Babies are unlikely, though familiar, narrators in fiction, most famously in Günter Grass's The Tin Drum. It's a difficult stunt to pull off, given the limited literary faculties of the under-twos, and the obvious way to approach it is to give the child unnatural, even ludicrous levels of precocity. Percival Everett has taken this route to the extreme. His cuddly protagonist in Glyph, Ralph, is a highly intellectual, compulsively philosophical, pompous and cynical mute with a transcendental imagination.
Everett is a seasoned author of some 14 books, but his award- winning novel Erasure was the first published in the UK. The central character was someone perhaps like Everett, a slightly jaded experi- mental novelist who watches other black writers enjoy mainstream success with unadventurous texts that reinforce stereotypes of black life. Erasure was an angry novel, accusing the publishing industry and its public of short-sightedness and ignorance in handling black writers, allowing them less room for progressive work than their white counterparts.
Whereas Erasure was one of Everett's more accessible books, he has taken many more risks with Glyph. First, it's so far-fetched as to be abstract. Upon his parents' discovery of Ralph's unusual qualities - he reads ferociously and writes fluent notes to his mother - he is taken to an evil psychologist who kidnaps him. He is abducted again, twice, by scientists and then a childless couple who name him Pepe. The action intensifies into a surreal and sinister baby-chase across America through which Ralph entertains himself with his endlessly inquisitive mind.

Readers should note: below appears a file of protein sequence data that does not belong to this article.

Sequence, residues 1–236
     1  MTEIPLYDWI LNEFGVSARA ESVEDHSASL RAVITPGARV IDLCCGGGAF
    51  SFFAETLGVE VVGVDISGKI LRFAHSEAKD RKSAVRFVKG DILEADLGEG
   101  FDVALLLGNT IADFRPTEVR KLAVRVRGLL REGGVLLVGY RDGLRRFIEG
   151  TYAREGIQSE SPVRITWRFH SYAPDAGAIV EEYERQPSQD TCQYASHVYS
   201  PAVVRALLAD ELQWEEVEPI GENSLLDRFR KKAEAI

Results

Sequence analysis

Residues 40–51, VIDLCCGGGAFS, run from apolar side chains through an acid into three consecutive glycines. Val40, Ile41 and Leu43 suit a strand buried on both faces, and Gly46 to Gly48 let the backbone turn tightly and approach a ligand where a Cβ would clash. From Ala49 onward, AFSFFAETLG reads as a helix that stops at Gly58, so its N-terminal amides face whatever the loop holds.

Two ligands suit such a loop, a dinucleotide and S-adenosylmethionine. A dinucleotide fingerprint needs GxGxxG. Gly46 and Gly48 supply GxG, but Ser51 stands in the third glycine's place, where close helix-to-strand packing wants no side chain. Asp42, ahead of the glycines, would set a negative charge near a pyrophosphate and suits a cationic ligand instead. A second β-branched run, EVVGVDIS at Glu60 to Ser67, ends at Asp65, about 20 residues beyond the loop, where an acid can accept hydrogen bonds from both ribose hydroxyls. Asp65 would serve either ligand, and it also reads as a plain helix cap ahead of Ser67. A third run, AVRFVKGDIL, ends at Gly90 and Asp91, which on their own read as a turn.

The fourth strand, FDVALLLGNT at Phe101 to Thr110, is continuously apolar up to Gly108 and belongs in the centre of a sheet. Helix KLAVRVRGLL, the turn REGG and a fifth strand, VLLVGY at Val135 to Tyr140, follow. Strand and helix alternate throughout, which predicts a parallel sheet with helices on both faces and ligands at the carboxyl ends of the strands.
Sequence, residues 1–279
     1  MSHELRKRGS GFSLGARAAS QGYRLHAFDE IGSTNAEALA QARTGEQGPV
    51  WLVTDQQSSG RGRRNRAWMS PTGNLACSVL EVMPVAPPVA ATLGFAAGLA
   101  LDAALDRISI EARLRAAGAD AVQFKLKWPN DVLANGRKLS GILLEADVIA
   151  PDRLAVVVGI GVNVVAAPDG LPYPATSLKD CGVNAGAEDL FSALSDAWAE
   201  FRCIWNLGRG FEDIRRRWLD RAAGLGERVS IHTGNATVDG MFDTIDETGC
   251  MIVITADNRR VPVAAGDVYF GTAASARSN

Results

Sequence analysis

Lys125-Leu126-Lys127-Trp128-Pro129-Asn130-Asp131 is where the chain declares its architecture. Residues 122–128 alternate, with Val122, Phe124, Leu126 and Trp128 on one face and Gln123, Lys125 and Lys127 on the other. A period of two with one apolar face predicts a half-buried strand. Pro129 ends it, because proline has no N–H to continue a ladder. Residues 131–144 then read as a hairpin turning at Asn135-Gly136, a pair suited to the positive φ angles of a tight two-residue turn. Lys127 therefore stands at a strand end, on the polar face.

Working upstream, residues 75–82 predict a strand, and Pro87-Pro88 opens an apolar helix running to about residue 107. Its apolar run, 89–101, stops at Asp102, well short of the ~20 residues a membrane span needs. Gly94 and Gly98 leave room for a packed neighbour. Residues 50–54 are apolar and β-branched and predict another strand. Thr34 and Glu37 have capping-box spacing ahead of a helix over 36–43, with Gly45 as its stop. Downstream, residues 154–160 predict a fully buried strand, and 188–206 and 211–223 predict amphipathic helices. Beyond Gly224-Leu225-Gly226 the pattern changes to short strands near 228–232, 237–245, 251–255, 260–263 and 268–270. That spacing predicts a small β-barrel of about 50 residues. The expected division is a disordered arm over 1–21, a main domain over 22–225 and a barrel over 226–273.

Throughout his capricious story, Ralph's mind is the only constant. And Ralph's mind is an uncomfortable place to be. He believes wholeheartedly in footnotes, and they are summoned generously in the middle of sentences. They have the effect of confusing the narrative - probably Everett's intention. As well as footnotes, the novel is littered with incomprehensible diagrams, floating vignettes, gratuitous riddles, conversations between God and Roland Barthes, and other literary pranks. Amid all this, plot twists are covered so briskly they are almost inconsequential. And the other characters are mostly people you would never want to meet: the grotesque Dr Steimmel, the spooky Madam Nanna, the paedophiliac priest Father Chacón. The only character Ralph seems to have any fondness for (apart from himself) is his mother, and this lack of warmth makes for a slightly suffocating read.
It becomes debatable whether Everett's former obscurity is due more to a self-indulgent over-intellectualisation than racial barriers in the publishing industry. Glyph is a brave and, obviously, clever book, and Everett's work as a whole makes important points about artistic identity and stylistic freedom. Ralph's eccentric pen allows us to enter new realms of consciousness not generally offered in fiction. At the cost of quite a few potential readers, Everett has granted himself a freedom that most writers would not dare exploit.
Diana Evans's novel '26A' will be published by Chatto next springReuse content